USC Marshall School 

Passion Purpose and Collaboration are Key Traits for Good Leaders

Watch the complete video of this fantastic program here.

USC Marshall Professor Warren Bennis and Leadership authors John Hope Bryant and William G. George say passion, purpose and collaboration are key for today's new generation of leaders.

According to a panel of leadership experts, collaboration and leading with passion and purpose are traits that will help the U.S. and the world in the aftermath of the global economic crisis.

James G. Ellis, Dean of the USC Marshall School of Business, moderated the panel titled "A Conversation on Leadership," which included Warren Bennis, Ph.D., Distinguished Professor of Business Administration, Founding Chairman of the USC Leadership Institute, author of the recently published The Essential Bennis and the forthcoming Still Surprised: A Memoir of a Life in Leadership; John Hope Bryant, author of Love Leadership and founder, Chairman and CEO, Operation HOPE Inc., a non-profit social investment banking organization self-help provider of economic empowerment tools and services for the underserved; and William G. George, Professor of Management Practice at Harvard Business School; former Chairman and CEO of Medtronic and author of four books including True North and his most recent 7 Lessons for Leading in Crisis.

"These are true experts in the thought process of leadership and what's happening with leadership in the world," said Ellis, before throwing out the first question to the panel, which took place December 2 on the University Park Campus. "Much of what's transpired has been attributed to supreme lack of leadership. What are the issues and what can we do?" he asked.

Bryant, whose work to empower low-wealth communities has earned him a role as the Vice Chair of the U.S. President's Advisory Council on Financial Literacy and the Chairman of the Council's Under-Served Committee, stated that if in this crisis bankers and lenders treated clients as they would their grandmothers instead of as transactions, "we wouldn’t be in this mess." He pointed out that the economic pain created by the crisis is an indication of something deeper. “This isn’t a recession, it’s a reset. …It's a crisis of values," he said, noting that the crisis today is also a global crisis of confidence.

George added that the aftermath of the crisis will be harder to deal with as unemployment still soars and the current culture of society is still interested in short-term and instant gratification, "if everyone operates on short-term self interest we've lost what the real purpose of leadership is," he said, putting the leadership onus on the shoulders of the students in the audience. "It's up to the new generation to step up and offer new leadership and a new way of looking at leadership. We have to get back to the kind of people we would like to follow – [those who] lead authentically, genuinely and have a clear sense of purpose,” he said. "I'm calling to you in the audience to step up and be heard and lead with ideas with purpose and passion. You'll be rewarded."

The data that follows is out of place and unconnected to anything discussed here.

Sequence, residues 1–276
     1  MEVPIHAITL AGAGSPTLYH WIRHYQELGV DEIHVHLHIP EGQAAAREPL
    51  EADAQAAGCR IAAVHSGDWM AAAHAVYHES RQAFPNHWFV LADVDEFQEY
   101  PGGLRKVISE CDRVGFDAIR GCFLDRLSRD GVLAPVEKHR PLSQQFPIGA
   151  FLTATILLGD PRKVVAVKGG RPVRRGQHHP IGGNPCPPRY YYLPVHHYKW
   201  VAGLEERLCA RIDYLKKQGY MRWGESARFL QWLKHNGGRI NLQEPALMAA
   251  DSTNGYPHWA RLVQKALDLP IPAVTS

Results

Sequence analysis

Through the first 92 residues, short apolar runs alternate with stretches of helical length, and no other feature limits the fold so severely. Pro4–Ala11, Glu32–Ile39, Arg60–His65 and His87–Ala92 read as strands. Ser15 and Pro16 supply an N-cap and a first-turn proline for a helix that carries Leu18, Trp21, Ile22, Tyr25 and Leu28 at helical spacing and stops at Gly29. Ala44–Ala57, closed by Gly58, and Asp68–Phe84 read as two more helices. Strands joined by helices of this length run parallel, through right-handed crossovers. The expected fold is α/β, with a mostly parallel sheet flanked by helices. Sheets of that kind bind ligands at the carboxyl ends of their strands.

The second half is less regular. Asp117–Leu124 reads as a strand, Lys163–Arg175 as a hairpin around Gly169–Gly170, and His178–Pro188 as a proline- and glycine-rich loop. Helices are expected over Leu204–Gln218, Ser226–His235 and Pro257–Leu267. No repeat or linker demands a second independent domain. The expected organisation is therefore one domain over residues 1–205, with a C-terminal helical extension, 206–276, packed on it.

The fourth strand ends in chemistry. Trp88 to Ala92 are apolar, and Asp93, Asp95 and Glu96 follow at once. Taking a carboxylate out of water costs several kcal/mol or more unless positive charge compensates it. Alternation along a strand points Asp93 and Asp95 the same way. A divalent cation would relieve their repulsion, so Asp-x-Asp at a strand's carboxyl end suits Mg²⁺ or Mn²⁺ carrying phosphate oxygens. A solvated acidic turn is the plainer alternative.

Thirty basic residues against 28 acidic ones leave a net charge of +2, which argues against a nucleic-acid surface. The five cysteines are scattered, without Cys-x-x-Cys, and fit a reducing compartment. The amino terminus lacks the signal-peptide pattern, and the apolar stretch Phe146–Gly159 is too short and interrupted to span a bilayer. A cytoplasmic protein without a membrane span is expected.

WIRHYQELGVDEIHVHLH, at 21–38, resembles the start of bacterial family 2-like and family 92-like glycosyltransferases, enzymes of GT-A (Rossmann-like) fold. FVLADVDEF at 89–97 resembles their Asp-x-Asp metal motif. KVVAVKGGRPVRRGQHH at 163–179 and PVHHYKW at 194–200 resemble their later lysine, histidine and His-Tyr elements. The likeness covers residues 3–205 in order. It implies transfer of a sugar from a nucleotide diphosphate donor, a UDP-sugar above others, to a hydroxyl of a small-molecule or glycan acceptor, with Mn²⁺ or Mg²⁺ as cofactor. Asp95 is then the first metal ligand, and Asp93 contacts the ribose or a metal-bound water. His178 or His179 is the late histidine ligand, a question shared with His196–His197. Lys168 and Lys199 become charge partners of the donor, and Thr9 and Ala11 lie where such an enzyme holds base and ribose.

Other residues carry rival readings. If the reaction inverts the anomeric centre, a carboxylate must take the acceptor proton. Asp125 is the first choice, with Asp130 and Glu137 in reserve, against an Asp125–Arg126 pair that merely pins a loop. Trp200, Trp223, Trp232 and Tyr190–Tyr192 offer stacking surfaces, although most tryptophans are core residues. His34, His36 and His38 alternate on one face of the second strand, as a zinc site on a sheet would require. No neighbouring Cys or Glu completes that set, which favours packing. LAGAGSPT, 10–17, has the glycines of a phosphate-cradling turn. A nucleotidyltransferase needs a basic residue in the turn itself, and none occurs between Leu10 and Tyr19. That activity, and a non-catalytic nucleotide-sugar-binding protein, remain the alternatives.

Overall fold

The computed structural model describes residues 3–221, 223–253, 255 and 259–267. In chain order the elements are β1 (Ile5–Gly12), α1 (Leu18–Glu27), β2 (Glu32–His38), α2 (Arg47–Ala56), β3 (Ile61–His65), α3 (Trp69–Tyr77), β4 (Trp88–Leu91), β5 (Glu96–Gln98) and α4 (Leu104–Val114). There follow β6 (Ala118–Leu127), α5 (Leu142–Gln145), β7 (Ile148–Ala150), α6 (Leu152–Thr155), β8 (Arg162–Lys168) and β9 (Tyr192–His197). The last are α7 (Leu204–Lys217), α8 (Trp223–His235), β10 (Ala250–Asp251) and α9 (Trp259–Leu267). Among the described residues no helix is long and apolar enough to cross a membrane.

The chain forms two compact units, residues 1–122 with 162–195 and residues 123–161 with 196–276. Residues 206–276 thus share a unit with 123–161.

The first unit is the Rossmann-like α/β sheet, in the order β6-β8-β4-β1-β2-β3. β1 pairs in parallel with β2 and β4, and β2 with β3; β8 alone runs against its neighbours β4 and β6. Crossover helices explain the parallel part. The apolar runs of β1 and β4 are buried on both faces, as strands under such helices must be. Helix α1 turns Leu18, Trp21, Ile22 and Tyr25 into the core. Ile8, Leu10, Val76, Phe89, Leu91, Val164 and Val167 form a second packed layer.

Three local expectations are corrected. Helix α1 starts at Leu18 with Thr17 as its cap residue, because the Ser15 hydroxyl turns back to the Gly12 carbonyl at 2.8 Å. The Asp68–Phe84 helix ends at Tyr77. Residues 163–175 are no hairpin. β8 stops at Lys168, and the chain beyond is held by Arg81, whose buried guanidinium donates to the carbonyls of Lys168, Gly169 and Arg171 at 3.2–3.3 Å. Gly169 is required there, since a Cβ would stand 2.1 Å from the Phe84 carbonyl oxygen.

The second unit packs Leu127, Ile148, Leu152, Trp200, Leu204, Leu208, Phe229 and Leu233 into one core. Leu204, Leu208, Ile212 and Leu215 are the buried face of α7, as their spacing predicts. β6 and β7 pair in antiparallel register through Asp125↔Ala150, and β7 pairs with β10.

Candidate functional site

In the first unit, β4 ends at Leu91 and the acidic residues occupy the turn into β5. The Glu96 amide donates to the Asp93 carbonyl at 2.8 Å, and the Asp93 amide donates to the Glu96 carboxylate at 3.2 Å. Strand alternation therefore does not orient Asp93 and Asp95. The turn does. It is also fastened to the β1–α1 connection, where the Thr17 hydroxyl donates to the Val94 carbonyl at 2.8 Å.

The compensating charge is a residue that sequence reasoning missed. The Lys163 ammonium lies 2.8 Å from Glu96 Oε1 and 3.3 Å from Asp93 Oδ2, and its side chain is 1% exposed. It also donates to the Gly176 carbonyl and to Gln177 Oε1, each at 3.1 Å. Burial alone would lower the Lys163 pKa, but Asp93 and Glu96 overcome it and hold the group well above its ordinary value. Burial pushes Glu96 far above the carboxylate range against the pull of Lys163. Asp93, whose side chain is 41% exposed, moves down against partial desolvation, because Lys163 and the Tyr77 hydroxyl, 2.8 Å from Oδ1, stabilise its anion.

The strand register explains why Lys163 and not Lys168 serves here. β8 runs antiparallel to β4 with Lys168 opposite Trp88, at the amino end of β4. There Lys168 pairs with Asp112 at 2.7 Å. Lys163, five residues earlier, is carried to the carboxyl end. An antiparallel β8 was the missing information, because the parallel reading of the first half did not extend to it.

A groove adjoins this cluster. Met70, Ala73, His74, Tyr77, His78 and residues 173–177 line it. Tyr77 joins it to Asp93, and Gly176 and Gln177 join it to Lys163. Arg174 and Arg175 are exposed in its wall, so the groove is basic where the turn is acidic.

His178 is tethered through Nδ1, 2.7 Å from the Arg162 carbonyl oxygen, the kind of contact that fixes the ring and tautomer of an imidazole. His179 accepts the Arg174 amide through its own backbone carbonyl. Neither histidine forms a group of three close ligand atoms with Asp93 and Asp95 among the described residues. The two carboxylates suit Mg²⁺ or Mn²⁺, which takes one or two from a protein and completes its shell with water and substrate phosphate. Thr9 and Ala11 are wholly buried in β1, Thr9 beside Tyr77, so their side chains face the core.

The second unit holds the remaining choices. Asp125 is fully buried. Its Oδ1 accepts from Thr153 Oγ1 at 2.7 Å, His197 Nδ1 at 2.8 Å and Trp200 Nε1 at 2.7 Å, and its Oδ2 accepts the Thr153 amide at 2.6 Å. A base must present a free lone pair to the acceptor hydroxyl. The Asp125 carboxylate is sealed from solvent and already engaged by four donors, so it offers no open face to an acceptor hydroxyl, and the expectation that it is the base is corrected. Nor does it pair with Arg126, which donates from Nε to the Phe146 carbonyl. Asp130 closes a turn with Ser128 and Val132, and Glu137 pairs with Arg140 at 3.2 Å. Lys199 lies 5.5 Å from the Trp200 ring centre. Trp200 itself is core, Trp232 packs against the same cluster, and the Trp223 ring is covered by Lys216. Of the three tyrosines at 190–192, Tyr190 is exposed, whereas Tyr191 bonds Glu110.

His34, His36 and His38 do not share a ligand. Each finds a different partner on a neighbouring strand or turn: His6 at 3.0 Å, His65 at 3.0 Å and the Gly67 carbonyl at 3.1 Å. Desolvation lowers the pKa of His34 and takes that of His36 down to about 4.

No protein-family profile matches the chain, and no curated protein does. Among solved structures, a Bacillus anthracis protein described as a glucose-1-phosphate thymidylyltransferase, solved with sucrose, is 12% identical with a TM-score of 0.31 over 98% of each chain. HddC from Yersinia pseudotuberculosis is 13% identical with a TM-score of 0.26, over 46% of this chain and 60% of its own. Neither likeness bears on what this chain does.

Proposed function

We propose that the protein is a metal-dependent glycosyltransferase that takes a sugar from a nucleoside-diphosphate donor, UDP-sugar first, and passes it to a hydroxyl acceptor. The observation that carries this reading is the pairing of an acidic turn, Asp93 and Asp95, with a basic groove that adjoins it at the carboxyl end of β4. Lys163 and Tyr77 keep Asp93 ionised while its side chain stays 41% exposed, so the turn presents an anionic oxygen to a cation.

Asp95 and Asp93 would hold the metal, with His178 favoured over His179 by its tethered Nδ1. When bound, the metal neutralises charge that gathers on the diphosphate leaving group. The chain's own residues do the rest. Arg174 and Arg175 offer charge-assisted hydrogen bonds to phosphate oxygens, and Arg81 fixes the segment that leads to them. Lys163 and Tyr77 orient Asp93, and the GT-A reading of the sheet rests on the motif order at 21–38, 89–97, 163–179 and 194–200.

Bennis added that while Western society embraces the myth of the great heroic individual who comes to the rescue, it’s through collaboration that leadership succeeds. "If you are trying to make a difference in anything – it has to be with collaboration," he said. Among his examples, Bennis spoke about filmmaker Robert Zemeckis who visits his classroom each year. "One student asked him what his favorite film was and his answer was Forrest Gump. She pressed him about why that film was his favorite and his answer was 'we were all making the same movie.' Everyone was making the same movie, not just the screenwriter and producer but everyone down to the gaffer and dolly grip was making the same movie. He listed 20 different groups of people who worked on that film who made it possible."

"What makes collaboration work is being able to respect the values of another and trust in them enough to argue about things," added Bennis, talking about the leadership course he teaches with USC President Steven Sample. "We both realized that neither of us by ourselves would be able to teach this course. We needed each other. The root of collaboration in the world is that realization that if we want to succeed we've got to do this together."

George pointed out that while collaboration is key, there's a tension between collaboration and the rugged individualism valued by American culture. "How do we integrate them together?… We're making different movies," he said.

Bryant added that the current crisis is a blessing because it will cause people to reassess and re-imagine, and hopefully push people to focus on purpose.

"That's what it's all about at the end of the day," continued George. "We should think about 'does my work matter?' It's important to discern what we're leading toward and collaboration can help a complex task overcome an intractable problem. Think about who you admire. They are all givers," he said. "You will be successful if you follow your path and your purpose. Shut out following what comes from the outside. You've got to dig in and you've got to do it. Also, pick a place where you’re with people you want to collaborate with."

Watch the video from this event,
"A Conversation On Leadership"
held 12/02/09 at the USC Marshall School of Business

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